i.e. The Black Lives Matter movement seems to have resulted in a sudden, persistent relative drop in life satisfaction for African Americans relative to their peers - with the price paid for this by the African American community not very well accounted for I think. Personally I suspect that one of the big reasons for this effect is media-driven misperceptions of the degree to which American police officers kill African Americans.

The outrage over police shootings had prompted the Washington post to start collecting a database of them and they found a lot more than expected. What do the demographics look like though? Depending on how you account for the unknown and other categories, somewhere between 26-33% of those shot by police were African American.

Were people to be polled asking their estimate of the fraction of those shot by police I'd guess the general answer would be more like 90%. Even someone like John McWhorter who's written some not-particulary-politically-correct books on the topic of race - e.g. Losing the Race: Self-Sabotage in Black America had expressed surprised about this:

The heart of the indignation over these murders is a conviction that racist bias plays a decisive part in these encounters. That has seemed plausible to me, and I have recently challenged those who disagree to present a list of white people killed within the past few years under circumstances similar to those that so enrage us in cases such as what happened to Tamir Rice, John Crawford, Walter Scott, Sam Debose and others. The simple fact is that this list exists ...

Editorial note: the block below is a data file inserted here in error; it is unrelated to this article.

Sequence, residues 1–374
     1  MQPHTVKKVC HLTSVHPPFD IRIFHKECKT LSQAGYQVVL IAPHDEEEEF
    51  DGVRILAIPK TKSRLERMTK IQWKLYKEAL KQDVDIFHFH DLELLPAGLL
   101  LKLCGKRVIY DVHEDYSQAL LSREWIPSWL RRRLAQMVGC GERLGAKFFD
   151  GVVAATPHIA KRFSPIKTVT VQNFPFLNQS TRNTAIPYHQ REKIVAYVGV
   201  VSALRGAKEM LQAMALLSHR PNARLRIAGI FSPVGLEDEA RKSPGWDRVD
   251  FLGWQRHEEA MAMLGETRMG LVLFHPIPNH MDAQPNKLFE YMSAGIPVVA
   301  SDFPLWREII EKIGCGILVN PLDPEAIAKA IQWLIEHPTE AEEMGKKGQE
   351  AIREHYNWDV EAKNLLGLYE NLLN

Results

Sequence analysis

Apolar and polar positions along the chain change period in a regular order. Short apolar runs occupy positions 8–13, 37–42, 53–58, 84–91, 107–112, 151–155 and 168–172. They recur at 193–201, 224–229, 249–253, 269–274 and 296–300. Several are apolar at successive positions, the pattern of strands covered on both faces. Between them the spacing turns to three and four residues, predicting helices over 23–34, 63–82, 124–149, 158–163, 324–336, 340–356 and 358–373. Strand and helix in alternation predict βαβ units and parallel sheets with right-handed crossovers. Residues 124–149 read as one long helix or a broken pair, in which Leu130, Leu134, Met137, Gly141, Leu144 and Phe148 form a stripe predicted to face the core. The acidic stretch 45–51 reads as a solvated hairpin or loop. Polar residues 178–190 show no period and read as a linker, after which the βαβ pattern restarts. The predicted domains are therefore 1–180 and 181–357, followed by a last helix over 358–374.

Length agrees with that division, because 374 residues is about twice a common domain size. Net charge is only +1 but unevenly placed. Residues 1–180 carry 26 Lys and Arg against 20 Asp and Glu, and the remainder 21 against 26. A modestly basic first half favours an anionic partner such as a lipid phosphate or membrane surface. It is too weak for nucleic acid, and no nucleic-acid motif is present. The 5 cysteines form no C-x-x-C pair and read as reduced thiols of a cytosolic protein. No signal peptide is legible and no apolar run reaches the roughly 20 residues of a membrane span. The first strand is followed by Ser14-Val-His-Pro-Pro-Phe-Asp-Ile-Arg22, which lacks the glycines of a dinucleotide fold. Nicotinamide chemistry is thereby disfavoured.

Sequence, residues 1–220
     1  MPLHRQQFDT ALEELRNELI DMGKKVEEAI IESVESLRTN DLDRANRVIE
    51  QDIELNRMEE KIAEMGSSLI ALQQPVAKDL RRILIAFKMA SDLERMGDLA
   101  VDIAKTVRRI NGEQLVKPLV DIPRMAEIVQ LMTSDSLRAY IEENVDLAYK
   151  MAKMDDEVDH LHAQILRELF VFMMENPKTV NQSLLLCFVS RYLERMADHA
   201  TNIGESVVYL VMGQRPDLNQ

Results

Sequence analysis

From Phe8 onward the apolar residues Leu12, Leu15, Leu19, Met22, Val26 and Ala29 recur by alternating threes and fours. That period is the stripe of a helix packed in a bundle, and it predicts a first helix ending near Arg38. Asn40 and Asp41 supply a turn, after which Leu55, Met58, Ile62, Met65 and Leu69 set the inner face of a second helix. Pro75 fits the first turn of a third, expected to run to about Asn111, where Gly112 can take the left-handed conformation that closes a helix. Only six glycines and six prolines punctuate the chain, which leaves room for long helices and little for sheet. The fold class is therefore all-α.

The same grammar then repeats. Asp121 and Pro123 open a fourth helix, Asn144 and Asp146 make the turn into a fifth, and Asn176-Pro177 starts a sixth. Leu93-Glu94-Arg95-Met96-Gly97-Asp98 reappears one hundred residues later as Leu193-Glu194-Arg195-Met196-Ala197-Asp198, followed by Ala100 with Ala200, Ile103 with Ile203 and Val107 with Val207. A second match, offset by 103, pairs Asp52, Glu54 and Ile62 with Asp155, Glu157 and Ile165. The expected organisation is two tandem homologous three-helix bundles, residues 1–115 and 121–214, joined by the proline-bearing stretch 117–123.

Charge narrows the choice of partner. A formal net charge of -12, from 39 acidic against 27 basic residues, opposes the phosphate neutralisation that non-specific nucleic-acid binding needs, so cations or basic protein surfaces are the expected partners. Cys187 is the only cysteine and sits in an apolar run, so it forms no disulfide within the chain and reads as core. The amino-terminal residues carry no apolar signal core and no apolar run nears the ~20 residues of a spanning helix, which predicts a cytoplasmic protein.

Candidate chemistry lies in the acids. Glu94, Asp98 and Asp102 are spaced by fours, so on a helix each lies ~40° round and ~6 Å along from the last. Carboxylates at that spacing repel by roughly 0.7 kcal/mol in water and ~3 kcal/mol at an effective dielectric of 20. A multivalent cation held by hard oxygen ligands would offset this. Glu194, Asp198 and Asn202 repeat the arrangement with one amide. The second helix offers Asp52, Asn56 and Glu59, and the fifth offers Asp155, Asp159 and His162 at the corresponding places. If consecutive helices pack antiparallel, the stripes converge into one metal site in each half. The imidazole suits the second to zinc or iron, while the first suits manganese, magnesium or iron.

Taking a raw figure like 26-33% and figure out how to treat it in public communication is more complicated. e.g.:

  • police shoot a disproportionate number of African Americans relative to their rate in the US population

  • police shootings of African Americans are roughly proportionate to what Gallup reports as their perceived rate in the US population

  • police shootings of African Americans are lower than the population fraction estimated to be African Americans reported by Tressie McMillan Cottom2 as the results of polls in the undergrad sociology classes she teaches.

Basically, as usual, the population is generally extremely bad at estimating the rates of things and, in this case, there's also interplay between rates of police shootings and the fraction of the population that's African American. ... and this hasn't even yet accounted for how this might different for other aspects of interaction between African Americans and the police, for which I'd expect you'd see a larger difference3, or issues like class.

At the moment it seems to me that the media is not unbiased but differently biased relative to population at large, and perceived by the public as such (Fox / Breitbart just being a bigger skew in a different direction than most).